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Clin Nutr. 2011 Aug;30(4):422-9. doi: 10.1016/j.clnu.2011.02.002. Epub 2011 Mar 13.

Health economic impact of managing patients following a community-based diagnosis of malnutrition in the UK.

Author information

1
Catalyst Health Economics Consultants, Northwood, Middlesex, UK. julian.guest@catalyst-health.co.uk

Abstract

BACKGROUND & AIMS:

To examine the effect of malnutrition on clinical outcomes and healthcare resource use from initial diagnosis by a general practitioner (GP) in the UK.

METHODS:

1000 records of malnourished patients were randomly selected from The Health Improvement Network database and matched with a sample of 996 patients' records with no previous history of malnutrition. Patients' outcomes and resource use were quantified for six months following diagnosis.

RESULTS:

Malnourished patients utilised significantly more healthcare resources (e.g. 18.90 versus 9.12 GP consultations; p < 0.001, and 13% versus 5% were hospitalised; p < 0.05). The six-monthly cost of managing the malnourished and non-malnourished group was £1753 and £750 per patient respectively, generating an incremental cost of care following a diagnosis of malnutrition of £1003 per patient. Thirteen percent and 2% of patients died in the malnourished and non-malnourished group respectively (p < 0.001). Independent predictors of mortality were: malnutrition (OR: 7.70); age (per 10 years) (OR: 10.46); and the Charlson Comorbidity Index Score (per unit score) (OR: 1.24).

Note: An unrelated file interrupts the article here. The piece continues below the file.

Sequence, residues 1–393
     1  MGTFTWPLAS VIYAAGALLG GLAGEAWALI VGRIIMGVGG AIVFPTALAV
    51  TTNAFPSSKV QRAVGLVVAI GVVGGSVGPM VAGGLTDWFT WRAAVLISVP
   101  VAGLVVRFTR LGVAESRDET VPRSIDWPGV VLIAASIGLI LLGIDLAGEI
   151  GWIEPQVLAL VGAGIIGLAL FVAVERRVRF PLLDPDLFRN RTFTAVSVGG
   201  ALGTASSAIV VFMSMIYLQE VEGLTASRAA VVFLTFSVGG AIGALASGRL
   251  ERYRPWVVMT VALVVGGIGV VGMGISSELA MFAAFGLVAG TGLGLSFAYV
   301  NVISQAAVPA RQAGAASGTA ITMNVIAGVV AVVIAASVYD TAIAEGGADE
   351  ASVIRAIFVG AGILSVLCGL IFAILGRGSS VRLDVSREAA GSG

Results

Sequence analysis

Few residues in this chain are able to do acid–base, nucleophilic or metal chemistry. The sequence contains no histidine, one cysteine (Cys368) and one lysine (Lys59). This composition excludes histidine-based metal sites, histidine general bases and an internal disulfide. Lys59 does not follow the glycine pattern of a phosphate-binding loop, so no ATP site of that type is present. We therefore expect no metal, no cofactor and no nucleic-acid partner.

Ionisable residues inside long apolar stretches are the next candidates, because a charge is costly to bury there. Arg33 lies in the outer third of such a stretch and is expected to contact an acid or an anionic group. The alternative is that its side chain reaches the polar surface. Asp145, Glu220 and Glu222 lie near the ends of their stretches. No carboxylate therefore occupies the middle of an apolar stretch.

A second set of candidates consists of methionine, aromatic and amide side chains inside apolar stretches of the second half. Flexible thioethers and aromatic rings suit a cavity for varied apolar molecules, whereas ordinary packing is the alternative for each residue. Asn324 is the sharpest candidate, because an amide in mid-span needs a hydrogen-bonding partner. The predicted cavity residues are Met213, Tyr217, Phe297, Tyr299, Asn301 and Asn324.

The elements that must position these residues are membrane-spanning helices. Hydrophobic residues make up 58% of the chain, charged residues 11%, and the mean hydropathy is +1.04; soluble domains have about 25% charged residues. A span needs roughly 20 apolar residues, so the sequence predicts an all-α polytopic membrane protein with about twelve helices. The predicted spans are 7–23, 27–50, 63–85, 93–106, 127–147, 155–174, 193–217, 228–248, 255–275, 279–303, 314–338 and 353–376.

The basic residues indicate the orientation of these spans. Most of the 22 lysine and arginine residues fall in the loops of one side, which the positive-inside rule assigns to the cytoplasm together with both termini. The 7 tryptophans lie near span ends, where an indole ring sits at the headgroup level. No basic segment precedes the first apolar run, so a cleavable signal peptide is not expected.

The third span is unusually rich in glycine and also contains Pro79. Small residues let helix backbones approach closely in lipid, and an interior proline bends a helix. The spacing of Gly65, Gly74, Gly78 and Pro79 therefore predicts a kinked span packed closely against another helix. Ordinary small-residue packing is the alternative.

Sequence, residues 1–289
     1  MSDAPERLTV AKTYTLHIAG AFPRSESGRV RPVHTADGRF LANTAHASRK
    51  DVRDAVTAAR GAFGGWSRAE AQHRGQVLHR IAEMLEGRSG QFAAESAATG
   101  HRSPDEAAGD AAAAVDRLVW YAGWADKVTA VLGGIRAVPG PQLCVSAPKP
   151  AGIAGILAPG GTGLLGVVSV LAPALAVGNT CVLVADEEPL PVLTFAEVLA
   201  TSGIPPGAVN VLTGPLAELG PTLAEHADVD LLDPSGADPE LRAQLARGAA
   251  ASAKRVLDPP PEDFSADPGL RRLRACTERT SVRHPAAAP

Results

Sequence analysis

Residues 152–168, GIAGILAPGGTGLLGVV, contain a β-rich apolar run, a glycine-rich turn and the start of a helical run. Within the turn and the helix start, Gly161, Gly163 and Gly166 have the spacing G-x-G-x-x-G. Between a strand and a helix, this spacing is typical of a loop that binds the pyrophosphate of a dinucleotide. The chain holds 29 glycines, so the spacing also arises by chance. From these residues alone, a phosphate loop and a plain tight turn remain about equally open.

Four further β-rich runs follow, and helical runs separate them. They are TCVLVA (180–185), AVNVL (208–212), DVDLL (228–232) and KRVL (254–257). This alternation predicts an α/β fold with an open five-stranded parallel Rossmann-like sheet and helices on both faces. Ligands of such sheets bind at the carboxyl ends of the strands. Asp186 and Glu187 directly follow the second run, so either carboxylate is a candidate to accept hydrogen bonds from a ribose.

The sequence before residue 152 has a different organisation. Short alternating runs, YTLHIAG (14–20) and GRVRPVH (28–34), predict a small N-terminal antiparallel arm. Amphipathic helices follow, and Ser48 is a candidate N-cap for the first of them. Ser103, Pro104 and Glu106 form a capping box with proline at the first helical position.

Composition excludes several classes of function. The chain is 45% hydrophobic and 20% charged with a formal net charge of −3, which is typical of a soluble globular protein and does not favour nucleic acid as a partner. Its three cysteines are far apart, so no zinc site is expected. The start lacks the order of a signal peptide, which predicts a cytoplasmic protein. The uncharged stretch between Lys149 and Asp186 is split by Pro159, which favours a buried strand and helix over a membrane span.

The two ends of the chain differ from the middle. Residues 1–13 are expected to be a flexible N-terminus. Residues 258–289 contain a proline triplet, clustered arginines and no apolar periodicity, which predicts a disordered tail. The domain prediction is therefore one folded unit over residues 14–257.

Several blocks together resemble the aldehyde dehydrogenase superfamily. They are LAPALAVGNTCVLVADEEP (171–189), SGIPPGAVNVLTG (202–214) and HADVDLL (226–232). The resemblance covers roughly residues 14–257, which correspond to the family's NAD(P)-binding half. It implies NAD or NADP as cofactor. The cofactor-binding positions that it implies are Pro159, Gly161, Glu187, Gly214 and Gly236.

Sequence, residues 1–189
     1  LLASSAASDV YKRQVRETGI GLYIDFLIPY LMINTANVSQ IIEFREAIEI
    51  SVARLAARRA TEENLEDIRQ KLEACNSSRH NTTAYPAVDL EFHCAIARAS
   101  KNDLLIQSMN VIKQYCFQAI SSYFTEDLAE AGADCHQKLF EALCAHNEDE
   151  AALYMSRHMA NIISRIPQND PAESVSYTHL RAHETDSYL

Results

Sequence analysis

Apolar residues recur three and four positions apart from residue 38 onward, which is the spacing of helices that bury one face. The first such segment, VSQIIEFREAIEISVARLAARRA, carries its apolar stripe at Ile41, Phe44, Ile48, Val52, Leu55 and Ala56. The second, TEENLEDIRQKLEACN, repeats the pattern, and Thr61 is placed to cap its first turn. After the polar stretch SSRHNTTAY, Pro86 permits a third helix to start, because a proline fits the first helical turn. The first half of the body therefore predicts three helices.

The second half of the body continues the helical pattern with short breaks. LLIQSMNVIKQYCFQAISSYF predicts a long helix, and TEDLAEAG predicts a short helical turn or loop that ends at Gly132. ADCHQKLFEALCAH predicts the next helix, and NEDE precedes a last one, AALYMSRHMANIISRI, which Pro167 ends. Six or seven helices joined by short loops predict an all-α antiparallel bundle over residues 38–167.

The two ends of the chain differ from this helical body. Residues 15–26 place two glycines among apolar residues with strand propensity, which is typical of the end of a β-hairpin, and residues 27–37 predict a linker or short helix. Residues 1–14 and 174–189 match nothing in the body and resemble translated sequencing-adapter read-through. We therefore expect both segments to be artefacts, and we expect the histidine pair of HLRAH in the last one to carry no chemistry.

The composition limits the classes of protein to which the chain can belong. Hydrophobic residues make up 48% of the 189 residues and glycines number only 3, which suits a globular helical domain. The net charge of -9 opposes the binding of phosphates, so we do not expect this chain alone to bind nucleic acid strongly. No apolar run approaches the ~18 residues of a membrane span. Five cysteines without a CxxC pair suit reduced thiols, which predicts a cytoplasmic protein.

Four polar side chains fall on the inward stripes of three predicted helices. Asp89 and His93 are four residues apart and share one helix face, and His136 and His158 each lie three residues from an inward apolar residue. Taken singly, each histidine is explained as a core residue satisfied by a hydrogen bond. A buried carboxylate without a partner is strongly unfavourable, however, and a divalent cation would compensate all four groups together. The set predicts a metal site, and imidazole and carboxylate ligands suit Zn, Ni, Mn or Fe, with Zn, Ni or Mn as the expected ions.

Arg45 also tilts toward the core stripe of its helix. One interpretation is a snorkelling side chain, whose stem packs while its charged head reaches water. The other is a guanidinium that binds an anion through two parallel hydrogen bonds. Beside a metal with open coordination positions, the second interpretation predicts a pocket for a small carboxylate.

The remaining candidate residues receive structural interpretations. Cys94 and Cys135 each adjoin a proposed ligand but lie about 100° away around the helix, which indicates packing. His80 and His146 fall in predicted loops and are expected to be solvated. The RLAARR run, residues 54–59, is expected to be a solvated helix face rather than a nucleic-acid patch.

CONCLUSION:

The healthcare cost of managing malnourished patients was more than twice that of managing non-malnourished patients, due to increased use of healthcare resources. After adjusting for age and comorbidity, malnutrition remained an independent predictor of mortality.

PMID:
21406315
DOI:
10.1016/j.clnu.2011.02.002
[Indexed for MEDLINE]

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